Dibia$e – Sound Palace (2011)


The LA beat scene’s new course in hip hop may be veering far too close to the multiple layers of synths of techy, fast-paced dubstep for many heads’ liking. However, it is also home to many producers who like to keep versatile, and seesaw between futuristic beats and more nostalgic beats, with jazz loops for instance. Dibiase, usually stylized as Dibia$e or Mr.Dibia$e, is a notable fit in this group. He may not be a producer you’re all too familiar with, but within the underground Los Angeles scene, he is often considered a conscientious underground legend. His laid-back music has been weighed against the likes of Nujabes, while his more modern-sounding, experimental beats have been compared to Flying Lotus’ work. Unquestionably something to flaunt.

Following his release of his “Cakeology” EP, Dibia$e is back with “Sound Palace,” another conscious wonder. Sure to give avid listeners of instrumental albums raging erections, or at least the ever-so-familiar urge to headnod. No sir, this is not music to listen to on a Sunday morning when you have nothing better to do. Alright, I’m getting carried away, but it’s still a good listen.

Dibia$e enthusiastically incorporates anomalous, abstract samples, and chose to follow a very distinct vibe throughout the album. The distinguishing quality of this album has to be the fact that it almost seems to represent a conflict between, or rather, an amalgamation of, his two styles of music. “Smooth Sailin” introduces us to the album with a mellow ambiance, as the name would suggest, and leads on to tracks with a more rugged, raw feel. Some tracks (“Fly Me 2 The Moon”) give the impression that he’s paying homage to Dilla himself. Others, namely “Rockout,” not so much. The album did have a few flaws. One of the biggest, I felt, was that transitions between tracks weren’t great, and variation and progression in the beats was lacking. Then again, with most of the tracks being around only two to three minutes in length, it’s expected.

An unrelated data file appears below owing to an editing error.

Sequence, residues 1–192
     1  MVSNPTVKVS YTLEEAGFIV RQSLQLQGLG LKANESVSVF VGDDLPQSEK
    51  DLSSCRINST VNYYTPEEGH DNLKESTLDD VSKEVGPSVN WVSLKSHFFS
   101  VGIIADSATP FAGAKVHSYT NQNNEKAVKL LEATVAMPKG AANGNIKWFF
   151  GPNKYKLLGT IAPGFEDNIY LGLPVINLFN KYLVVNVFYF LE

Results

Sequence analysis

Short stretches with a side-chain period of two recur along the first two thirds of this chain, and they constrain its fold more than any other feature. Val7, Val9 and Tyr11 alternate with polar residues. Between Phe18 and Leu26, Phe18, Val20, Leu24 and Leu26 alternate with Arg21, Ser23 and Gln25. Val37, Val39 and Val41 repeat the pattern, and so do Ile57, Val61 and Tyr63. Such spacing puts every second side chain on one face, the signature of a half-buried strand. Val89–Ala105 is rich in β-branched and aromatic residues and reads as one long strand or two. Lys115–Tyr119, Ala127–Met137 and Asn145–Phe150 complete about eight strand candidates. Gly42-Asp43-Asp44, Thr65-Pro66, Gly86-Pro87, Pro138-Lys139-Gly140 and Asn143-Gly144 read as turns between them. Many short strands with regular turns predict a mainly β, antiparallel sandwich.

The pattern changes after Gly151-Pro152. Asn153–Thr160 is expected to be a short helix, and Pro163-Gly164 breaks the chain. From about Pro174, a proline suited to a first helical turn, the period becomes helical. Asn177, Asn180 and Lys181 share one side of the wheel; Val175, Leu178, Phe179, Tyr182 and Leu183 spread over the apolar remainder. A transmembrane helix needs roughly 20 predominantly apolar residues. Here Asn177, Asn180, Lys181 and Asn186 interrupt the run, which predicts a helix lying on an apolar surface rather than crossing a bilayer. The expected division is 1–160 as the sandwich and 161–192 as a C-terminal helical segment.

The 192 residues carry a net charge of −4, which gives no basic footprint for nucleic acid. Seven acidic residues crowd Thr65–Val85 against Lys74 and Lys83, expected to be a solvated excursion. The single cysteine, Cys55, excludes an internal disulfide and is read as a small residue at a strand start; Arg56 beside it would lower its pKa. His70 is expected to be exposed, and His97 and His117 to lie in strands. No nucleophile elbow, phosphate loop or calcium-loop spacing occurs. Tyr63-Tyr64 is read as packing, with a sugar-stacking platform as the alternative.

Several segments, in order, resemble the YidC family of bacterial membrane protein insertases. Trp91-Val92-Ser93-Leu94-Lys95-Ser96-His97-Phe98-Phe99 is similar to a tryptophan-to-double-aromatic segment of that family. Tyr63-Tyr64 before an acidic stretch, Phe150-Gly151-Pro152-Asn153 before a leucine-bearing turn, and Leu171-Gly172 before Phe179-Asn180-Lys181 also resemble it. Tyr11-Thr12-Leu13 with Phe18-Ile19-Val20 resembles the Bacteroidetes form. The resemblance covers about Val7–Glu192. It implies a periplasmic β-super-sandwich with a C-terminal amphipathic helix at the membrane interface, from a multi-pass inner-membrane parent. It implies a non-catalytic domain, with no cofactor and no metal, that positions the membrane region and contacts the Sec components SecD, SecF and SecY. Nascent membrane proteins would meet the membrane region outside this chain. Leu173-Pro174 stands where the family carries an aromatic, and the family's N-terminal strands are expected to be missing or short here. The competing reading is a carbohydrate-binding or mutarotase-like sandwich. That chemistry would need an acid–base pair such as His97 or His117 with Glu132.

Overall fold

All in all, about 35 minutes of absolute audio hypnosis, and some replay-value is definitely anticipated. My personal favorite tracks are Woman, Suncity, and Fly Me 2 The Moon.

81/100

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Waka Flocka Flame-Flockaveli (2010)


Flockaveli is the first official album by Bricksquad member and Gucci Mane underling Waka Flocka Flame. Now there are usually 2 polar opposite views you will have on this album. You will either A. Get hyped to it and love every second of it or B. Despise the repetition and vapidness that is blasted into your brain for an hour and 15 minutes.

Waka does absolutely nothing new or innovative on this album. Waka doesn’t even do the basics well. But he does have one thing going for him: charisma. What could have been a generic synth filled borefest in the hands of another no name southern rapper is turned into a rough, loud, ignorant album that is meant to be what it is. A fun listen.

Most of the album is produced by Virginia beatmaker Lex Luger, known mostly for his 300+ bpm hi-hat rolls and loud trunk rattling basslines, and it works perfectly for Waka’s style. The beats are fast and loud, and Waka nearly screams on many songs while injecting his trademark ad libs. The energy on the album is incredible, but the repetitive lyrical themes and rapid fire production can become grating after a while. Flockaveli is a long album and 3 or 4 songs could have easily been cut, making the album more concise and enjoyable.

Near the end of the album, I began to lose steam and found myself not really caring anymore. Despite this minor setback, Flockaveli is worth a listen, if only to find out which aforementioned category you would fall in. FLEX FLEX BOW!

75/100

An Introduction


Hi. I’m Banjo, creator, admin and, as of right now, only contributor of this blog. I’m hoping that once I get this up and running, I’ll be able to have new reviews regularly. Most of the content is going to be hip-hop related, although all music, as well as video games and movies are fair game.